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Now set to host its twelfth edition, the First Cut! Youth Film Festival continues from tomorrow in its work showcasing and encouraging the next generation of Irish filmmakers. The annual Youghal-based event presents films in all genres by rising filmmakers, schools and youth groups as well as offering an insight into the Irish industry through workshops and talks by film pros.

 

The First Cut! Youth Film Festival 2021 will be taking place online from April 17th – May 9th. Accessible to participants from Ireland and abroad, the festival will provide three weeks of packed programming for young filmmakers from the ages of 12 up to 24, with screenings, workshops and talks in a safe and inclusive virtual format.

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Director: Kevin MacDonald Starring: Tahar Rahim, Jodie Foster, Benedict Cumberbatch, Shailene Woodley, Zachary Levi Running Time: 129 minutes


With apologies for beginning a review on such a cynical foot, there’s something almost quaint these days in the kind of procedural drama that relies on shock and indignance at injustice for its narrative thrust. The ‘This Is America Dammit’ legal flick has always been a Hollywood staple, with layers of presentation, slicker, smarter versions like Erin Brockovich or Dark Waters do exist, but there’s usually the foundational principle of ‘This Isn’t Who We Are’ involved somewhere, which is harder for audiences to latch onto after so many years of exposure to the idea that injustice is exactly who people in power are, and they’ll just say it isn’t, and even when it’s exposed that it is, they just get away with it anyway.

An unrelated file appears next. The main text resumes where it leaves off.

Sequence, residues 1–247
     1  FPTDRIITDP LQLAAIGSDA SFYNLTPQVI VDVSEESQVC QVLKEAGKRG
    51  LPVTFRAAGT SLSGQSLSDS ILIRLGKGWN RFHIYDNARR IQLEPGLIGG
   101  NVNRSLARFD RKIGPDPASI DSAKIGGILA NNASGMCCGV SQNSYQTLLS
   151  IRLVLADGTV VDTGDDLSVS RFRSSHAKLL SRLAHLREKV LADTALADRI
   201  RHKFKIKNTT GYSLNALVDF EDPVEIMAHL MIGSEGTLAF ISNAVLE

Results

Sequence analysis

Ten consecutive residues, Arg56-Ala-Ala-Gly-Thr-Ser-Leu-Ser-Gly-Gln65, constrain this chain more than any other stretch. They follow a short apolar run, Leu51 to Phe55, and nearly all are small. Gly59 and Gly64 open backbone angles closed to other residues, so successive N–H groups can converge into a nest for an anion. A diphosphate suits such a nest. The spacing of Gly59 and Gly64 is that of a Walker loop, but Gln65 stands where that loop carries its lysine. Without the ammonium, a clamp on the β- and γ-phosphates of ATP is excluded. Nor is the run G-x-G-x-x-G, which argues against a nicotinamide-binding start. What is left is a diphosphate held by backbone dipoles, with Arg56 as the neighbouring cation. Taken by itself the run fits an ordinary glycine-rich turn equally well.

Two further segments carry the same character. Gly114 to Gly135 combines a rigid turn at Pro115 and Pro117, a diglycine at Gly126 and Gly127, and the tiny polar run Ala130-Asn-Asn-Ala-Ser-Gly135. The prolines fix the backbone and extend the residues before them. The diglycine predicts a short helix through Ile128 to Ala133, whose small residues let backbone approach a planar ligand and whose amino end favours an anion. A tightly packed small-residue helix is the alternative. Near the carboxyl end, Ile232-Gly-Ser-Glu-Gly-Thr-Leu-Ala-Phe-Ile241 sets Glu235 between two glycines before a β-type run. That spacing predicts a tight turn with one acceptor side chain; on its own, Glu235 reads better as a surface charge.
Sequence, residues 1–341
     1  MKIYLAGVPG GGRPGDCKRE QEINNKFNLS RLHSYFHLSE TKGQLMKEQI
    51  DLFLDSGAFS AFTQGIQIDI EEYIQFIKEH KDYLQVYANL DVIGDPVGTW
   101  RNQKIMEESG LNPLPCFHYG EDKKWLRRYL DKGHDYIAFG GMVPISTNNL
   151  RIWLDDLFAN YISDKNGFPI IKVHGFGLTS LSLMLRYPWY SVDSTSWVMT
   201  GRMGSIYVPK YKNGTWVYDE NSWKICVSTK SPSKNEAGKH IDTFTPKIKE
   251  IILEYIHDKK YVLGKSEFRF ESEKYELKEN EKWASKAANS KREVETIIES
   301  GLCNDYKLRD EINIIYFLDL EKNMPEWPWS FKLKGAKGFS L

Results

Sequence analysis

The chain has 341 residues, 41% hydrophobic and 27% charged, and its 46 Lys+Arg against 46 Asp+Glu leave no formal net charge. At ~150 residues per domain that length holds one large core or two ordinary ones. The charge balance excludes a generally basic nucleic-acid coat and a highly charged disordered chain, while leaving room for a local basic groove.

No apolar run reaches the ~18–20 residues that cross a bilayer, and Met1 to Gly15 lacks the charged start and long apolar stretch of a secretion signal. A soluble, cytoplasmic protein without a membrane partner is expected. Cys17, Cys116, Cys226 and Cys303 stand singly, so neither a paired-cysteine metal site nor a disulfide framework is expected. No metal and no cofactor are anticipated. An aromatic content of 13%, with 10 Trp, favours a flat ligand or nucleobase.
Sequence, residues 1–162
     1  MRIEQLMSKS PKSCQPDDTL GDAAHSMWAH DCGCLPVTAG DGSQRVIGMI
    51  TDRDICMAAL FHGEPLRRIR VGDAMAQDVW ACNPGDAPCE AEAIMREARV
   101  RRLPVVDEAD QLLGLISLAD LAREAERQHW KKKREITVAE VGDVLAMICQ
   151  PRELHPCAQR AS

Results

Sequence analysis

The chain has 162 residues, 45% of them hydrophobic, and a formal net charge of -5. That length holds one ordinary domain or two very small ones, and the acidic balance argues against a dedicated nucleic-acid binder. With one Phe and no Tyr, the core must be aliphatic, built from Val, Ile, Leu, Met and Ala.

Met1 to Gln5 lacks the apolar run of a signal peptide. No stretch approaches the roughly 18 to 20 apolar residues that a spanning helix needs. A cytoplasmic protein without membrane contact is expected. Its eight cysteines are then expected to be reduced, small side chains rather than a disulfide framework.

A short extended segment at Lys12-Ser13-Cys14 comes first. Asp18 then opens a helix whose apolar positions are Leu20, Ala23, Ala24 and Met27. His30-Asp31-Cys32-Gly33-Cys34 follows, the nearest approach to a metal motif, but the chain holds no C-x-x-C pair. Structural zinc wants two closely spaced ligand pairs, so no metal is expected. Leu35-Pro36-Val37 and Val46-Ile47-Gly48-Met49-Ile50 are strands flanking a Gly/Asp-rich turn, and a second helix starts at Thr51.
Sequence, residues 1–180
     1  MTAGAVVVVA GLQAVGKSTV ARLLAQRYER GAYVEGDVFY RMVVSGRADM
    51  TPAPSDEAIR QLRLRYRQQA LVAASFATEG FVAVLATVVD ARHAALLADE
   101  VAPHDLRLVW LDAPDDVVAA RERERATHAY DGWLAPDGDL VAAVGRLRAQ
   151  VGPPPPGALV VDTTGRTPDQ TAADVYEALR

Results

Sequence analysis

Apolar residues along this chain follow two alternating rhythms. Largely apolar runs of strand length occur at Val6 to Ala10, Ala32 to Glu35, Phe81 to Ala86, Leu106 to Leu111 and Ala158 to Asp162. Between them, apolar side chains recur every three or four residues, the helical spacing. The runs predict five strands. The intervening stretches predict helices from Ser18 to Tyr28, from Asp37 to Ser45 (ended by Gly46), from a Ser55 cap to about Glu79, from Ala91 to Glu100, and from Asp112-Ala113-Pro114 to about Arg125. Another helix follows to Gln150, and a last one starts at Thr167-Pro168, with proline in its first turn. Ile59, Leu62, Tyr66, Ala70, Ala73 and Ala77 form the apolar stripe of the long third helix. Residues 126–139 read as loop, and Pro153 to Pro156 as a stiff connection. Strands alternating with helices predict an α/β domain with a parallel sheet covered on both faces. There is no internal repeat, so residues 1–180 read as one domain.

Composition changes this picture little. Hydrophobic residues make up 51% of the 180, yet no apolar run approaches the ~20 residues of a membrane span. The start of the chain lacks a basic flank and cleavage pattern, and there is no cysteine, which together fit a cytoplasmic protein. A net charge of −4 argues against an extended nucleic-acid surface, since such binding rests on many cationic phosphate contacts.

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Director: Neasa Hardiman  Starring: Hermione Corfield, Connie Nielsen, Dougray Scott Running Time: 89 minutes

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From the visceral threat of Jaws to the unnerving nightmares of H.P. Lovecraft, the sea has always been a fertile breeding ground for horror. To cast characters adrift into vast, unexplored and uncaring waters means that they are exposed to one essential real-life fears – the instinctual anxiety that kicks in when a human is fundamentally and literally not on their home turf. Start adding freaky monsters into the mix and you can really start turning the screw, just as Irish director Neasa Hardiman has done in Sea Fever. Set aboard a small Irish fishing boat that becomes infested with aquatic parasites, the isolated ship mates become their own vessels and are as much at risk from each other as they are the horrors of the deep. What the film lacks in originality, knowingly but practically taking inspiration from classics like Alien and The Thing, it has gained considerably in timeliness. Let’s hope we don’t start seeing every movie through an “of-the-moment” lens, but if the lifejacket fits…

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Collectors of cult film curios Cabaret Noise are sounding off again, set to return to Stoneybatter in the spring with a new batch of the strange, underseen and interesting. From March through to May they’ll be hosting a trio of their well-curated and thought provoking presentations, deep from the deeper cuts of film.

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As far as Film In Dublin can recall, Hugh Jackman’s all-singing, all-dancing The Greatest Showman first screened in Dublin at James Joyce’s Volta Electric Theatre on the cinema’s opening day in 1909 and has been available for viewing in the fair city of film at least once a day in the century or so since… Honestly though there is no disputing that Showman has captured the hearts of audiences in a way that few films can these days, as evidenced by its long-running success at the box office. Later this month, the Axis Art Centre and Theatre in Ballymun will be putting a fresh spin on a screening of the beloved musical hit, as a local women’s dance troupe performs alongside the film.

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